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“I feel like a monster”: is it serious not to have a smartphone?

This is the item of the century. Today, eight out of ten people in the world have a smartphone. We now know that people who use it on a daily basis are prone to developing mental health problems. But what about those who never use it?

This is what Joseph Studer and Hazaal Yasser, the authors of this unpublished study, were trying to figure out because, to their knowledge, there has been no previous study on the mental health and well-being of people without smartphones. Between 2016 and 2018, a questionnaire was sent to 5,315 Swiss men (25/45 years) to assess smartphone use, daily time spent on it, mental health and well-being (depression, anxiety, attention deficit disorder, hyperactivity, life satisfaction and stress), as well as other variables such as social capital, personality, and education.

4.3% reported mental health issues

And not having a smartphone is probably not synonymous with happiness. Non-users (4.3%) reported lower mental health and well-being than smartphone users across all measures. This happiness index was at least partially related to social capital, as well as their higher levels of aggression-hostility and anxiety-neuroticism.

The absence of a smartphone obviously does not affect health, but is often a symptom of social malaise that contributes to the deterioration.

Banished from society, some non-users do appear to be “e-literate,” digitally illiterate, according to Camille Tassel, a psychotherapist and psychoanalyst who specializes in emerging technologies. Because they no longer have access to what communication does in our society. Just as the digital divide has excluded citizens from society, e-literacy will create an identity divide.

Allan, one of his 17-year-old patients, himself decided not to use his smartphone anymore, feeling too dependent on digital technology. Excluded from social networks and other digital information networks, he considers himself to have completely lost his social identity: like an alien, he has lost social connections until he no longer finds his place. “I no longer have a real personality,” he realizes during the session. No longer having any connection to this virtual connection offered to him through his mobile phone, he feels social disrespect. “Sometimes I feel like I’m no longer human, like a monster (or UFO) compared to my friends,” he admits in therapy.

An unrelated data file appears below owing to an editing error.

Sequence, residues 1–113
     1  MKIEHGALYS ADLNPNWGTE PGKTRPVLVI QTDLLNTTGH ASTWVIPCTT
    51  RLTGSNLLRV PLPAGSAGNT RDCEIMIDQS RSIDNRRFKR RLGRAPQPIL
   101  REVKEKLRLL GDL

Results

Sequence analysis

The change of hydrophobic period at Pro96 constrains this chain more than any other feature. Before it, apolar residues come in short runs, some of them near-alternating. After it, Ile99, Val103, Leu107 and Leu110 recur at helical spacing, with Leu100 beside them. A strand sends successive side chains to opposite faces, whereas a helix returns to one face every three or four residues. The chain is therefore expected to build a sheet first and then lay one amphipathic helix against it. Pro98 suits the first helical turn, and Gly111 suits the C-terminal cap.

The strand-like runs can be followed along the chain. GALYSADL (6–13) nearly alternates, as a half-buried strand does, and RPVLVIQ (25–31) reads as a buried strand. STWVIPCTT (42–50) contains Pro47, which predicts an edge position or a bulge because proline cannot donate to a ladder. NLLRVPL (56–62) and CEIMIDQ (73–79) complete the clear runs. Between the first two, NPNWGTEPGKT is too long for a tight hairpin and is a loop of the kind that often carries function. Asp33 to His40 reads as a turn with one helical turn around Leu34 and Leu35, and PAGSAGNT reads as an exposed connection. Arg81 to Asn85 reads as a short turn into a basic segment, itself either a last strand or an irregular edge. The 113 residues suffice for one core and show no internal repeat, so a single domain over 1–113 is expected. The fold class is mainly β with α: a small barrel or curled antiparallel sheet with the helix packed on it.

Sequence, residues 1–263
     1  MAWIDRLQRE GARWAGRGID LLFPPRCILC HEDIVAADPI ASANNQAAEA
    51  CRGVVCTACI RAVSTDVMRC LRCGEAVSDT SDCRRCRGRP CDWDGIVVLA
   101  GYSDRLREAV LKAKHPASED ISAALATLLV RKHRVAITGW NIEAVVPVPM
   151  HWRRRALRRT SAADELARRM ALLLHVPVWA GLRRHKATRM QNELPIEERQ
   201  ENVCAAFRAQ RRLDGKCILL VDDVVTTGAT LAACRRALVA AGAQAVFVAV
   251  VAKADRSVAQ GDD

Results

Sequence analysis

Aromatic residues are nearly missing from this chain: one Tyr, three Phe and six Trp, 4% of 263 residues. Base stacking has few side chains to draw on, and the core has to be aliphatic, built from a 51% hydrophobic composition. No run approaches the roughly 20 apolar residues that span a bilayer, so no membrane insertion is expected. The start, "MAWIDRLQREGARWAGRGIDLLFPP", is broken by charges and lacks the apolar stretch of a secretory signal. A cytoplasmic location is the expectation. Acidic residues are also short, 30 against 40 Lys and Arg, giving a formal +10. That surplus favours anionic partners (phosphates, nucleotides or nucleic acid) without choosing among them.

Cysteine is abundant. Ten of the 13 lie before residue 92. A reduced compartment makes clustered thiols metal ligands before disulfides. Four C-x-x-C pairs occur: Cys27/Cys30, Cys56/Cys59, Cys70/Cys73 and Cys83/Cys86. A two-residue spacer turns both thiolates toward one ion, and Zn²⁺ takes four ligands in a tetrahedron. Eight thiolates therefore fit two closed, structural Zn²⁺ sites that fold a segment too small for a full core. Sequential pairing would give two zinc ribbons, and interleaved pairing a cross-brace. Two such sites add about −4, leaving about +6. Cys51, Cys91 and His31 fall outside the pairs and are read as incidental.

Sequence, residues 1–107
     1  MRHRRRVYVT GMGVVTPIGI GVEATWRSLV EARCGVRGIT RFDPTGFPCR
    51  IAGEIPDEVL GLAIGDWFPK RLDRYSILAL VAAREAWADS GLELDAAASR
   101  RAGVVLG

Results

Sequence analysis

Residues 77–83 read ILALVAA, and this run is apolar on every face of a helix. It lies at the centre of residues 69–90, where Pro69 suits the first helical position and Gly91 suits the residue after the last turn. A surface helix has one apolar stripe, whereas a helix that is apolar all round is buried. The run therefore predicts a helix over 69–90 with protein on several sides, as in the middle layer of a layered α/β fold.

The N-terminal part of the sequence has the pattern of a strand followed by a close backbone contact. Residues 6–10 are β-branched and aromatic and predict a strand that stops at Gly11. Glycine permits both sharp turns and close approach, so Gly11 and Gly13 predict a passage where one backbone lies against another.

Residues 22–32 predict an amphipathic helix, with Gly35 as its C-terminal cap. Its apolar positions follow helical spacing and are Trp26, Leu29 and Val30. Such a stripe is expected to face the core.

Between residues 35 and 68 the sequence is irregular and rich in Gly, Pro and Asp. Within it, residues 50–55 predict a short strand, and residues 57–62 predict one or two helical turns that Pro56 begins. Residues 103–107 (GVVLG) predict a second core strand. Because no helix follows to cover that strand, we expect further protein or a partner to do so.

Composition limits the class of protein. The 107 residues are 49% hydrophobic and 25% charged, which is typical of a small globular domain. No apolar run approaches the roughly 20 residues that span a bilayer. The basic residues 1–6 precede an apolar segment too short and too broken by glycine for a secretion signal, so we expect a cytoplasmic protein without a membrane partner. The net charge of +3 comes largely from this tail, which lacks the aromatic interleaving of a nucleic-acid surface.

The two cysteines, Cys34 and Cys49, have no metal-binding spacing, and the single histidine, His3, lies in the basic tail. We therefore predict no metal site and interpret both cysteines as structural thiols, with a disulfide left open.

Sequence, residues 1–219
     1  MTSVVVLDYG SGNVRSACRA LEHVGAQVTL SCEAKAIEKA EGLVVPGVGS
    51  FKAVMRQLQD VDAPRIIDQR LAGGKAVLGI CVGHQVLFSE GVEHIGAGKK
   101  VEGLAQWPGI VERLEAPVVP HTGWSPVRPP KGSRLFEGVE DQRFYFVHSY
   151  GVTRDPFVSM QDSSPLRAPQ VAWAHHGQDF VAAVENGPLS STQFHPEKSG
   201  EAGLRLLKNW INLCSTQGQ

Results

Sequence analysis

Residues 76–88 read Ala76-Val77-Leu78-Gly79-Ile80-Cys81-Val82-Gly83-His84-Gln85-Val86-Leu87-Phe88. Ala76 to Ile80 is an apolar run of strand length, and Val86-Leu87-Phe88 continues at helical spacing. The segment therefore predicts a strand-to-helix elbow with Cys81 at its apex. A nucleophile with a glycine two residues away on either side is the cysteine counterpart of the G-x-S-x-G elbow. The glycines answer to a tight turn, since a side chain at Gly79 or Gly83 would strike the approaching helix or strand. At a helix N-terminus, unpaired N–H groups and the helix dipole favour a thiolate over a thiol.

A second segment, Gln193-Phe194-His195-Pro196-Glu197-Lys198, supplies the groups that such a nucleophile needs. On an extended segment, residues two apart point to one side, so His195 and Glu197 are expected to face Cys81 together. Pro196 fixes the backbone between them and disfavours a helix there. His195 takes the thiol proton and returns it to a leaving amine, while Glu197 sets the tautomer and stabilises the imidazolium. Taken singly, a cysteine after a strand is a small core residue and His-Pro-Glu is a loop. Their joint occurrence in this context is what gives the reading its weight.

According to the therapist, this is a mental disorder that, if suffered on a daily basis, affects well-being. Profound hyperactivity, anxiety, and a tendency to insomnia: Allan doesn’t know how to fill his boredom when others spend time behind their screen.

Essential life choices…

Not everyone experiences it the same way. Nelly, 43, has never had a mobile phone: “I don’t think I need one, it’s not difficult in everyday life, it’s just a matter of organization,” she admits. Her social life is not affected by this choice, which she finds necessary, as sharing her daily life with everyone is exactly what she is worried about. However, according to her, her circle of friends remained the same. “I don’t feel at all alienated from others and from my social life in general. »

This is not the case for Allan, who feels deeply rejected. Camilla Tassel analyzes through her young patient “not only the loss of social identity, but also personal identity” and even explains to us the mechanism of “e-dysmorphia”. “Today, our smartphone and social media work like a mirror that returns a distorted image of ourselves. Addiction to this mirror can, she says, create “a mimicry of physical and psychological behavior,” but its absence can, conversely, create a form of social isolation.

In any case, the study urges healthcare professionals to be vigilant of those who do not have smartphones, who may experience psychiatric disorders comparable to heavy users.

However, according to Camille Tassel, “networks do not create mental disorders, but the way we use them.” “They can be a medicine or a poison, like Dolipran, to relieve headaches, but they should be taken with caution. »

Source: Le Parisien

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